This is also a good resource for questions about the stimulus that passed the U.S. Senate yesterday - it's a handy FAQ from the New York Times.
HealthcareI am *obviously* not a medical professional - so don't listen to me (or any other blogger / internet personality / etc.) about medical habits. Instead, seek these resources:
- Rep. Katie Porter got the head of the CDC to commit to providing free testing for all Americans regardless of insurance - click here to learn the exact details.
- By the way, the CDC is THE place to go for detail on how to treat, prevent and test for COVID-19. Click here to access their website.
- The State of Minnesota has also provided an overview of ways to slow the spread of the virus.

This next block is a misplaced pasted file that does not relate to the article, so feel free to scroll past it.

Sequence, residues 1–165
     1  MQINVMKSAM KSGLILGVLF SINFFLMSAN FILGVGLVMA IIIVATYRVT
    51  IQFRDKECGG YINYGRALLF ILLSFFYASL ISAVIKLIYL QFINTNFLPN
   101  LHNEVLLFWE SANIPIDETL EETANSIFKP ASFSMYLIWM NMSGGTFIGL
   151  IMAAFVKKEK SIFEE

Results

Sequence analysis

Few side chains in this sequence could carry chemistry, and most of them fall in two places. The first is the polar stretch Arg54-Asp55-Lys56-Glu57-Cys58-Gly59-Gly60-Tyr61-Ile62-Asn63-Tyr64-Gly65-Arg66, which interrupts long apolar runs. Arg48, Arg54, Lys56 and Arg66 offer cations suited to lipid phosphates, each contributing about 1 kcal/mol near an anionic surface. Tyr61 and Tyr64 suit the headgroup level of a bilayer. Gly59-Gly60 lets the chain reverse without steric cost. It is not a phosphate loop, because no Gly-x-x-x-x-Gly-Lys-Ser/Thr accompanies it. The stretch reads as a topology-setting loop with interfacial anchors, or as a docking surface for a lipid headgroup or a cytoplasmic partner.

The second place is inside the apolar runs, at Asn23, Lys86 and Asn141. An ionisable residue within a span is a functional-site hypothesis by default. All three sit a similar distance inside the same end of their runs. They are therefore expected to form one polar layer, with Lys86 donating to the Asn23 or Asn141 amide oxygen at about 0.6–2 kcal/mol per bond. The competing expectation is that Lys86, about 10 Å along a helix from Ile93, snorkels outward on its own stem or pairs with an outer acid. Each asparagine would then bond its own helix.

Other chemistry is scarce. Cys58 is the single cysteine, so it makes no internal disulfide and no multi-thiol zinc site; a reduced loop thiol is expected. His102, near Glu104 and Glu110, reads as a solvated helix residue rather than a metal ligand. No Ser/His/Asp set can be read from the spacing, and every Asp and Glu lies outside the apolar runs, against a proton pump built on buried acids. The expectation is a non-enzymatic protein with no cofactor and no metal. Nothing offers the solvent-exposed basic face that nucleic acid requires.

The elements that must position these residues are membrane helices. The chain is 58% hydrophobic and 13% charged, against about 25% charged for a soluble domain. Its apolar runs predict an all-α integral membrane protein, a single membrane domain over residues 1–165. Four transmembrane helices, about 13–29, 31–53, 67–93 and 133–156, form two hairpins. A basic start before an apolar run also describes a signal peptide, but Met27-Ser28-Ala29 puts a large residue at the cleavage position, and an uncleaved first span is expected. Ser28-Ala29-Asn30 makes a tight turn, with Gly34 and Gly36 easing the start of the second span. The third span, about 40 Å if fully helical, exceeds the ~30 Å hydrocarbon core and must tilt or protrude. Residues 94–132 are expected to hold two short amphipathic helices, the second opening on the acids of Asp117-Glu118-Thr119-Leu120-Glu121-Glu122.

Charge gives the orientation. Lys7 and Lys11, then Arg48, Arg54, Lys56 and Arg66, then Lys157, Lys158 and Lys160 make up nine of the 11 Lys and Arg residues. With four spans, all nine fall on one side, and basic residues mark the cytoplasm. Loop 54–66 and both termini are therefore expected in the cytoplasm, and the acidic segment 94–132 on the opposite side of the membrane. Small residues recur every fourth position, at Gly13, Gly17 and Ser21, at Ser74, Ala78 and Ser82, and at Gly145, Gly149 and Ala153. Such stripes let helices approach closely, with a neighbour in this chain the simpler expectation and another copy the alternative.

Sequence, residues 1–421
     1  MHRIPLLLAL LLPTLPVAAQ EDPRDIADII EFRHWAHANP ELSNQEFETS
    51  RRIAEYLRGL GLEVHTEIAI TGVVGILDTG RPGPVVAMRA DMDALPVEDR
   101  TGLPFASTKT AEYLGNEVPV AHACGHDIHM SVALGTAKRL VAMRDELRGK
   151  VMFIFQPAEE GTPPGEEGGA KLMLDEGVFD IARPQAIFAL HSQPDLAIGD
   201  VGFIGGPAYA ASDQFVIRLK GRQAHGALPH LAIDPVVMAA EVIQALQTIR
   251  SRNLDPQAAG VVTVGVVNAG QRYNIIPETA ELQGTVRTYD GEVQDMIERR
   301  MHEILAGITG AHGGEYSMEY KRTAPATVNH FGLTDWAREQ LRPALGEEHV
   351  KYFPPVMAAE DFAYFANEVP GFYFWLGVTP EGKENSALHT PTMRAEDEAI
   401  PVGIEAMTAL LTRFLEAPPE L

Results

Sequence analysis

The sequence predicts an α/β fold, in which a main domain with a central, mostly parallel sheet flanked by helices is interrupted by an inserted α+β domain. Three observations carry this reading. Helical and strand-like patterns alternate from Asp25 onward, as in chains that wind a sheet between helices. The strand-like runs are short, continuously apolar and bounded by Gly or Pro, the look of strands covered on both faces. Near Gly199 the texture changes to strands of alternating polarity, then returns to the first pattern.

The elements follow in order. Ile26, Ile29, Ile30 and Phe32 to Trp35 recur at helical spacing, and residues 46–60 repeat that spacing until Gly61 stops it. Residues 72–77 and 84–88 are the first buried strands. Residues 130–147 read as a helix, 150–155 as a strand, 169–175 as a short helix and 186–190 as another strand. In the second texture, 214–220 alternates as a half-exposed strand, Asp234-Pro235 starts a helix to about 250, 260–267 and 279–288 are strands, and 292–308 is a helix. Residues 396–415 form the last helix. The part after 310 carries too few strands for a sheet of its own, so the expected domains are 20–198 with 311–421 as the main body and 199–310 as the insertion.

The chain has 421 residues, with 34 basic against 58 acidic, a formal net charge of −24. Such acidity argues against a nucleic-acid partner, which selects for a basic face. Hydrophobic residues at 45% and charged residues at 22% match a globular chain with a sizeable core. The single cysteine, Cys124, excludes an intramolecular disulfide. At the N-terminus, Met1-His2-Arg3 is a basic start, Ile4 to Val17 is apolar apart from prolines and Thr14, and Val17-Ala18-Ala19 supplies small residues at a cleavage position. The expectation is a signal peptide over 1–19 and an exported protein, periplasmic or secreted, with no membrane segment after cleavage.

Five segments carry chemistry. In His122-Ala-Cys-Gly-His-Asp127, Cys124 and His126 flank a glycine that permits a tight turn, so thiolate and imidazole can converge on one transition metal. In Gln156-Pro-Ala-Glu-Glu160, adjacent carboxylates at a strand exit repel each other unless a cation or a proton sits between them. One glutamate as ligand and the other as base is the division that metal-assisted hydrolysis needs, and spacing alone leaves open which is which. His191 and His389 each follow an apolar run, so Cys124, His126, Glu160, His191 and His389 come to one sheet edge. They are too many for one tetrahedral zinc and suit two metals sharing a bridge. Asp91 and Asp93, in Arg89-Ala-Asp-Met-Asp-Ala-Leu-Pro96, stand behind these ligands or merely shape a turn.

- If the constant media barrage is giving you runaway anxiety, you're not alone. Try using some of Self's mental health tips to protect yourself, or consider booking an online therapist at TalkSpace to talk through things.
- In a creative solution to the jobs issue, some Minnesota-based distilleries are pivoting from producing liquor to producing hand sanitizer. Click here to learn more.
- Don't forget to move your body to keep yourself fit, healthy and improve your mood. This can definitely be tough with gyms closed and limited mobility (especially for small apartment dwellers like myself). Several local fitness chains are offering virtual workouts. Click here to learn more and get your sweat on in your living room.
Education / ChildcareWhile schools are trying to set up remote learning, many parents still need to fill time with enriching activities while systems are down or overloaded. Here's a roundup of some proactive ideas:
- Click here for a growing list of excellent educational ideas for kids of all ages.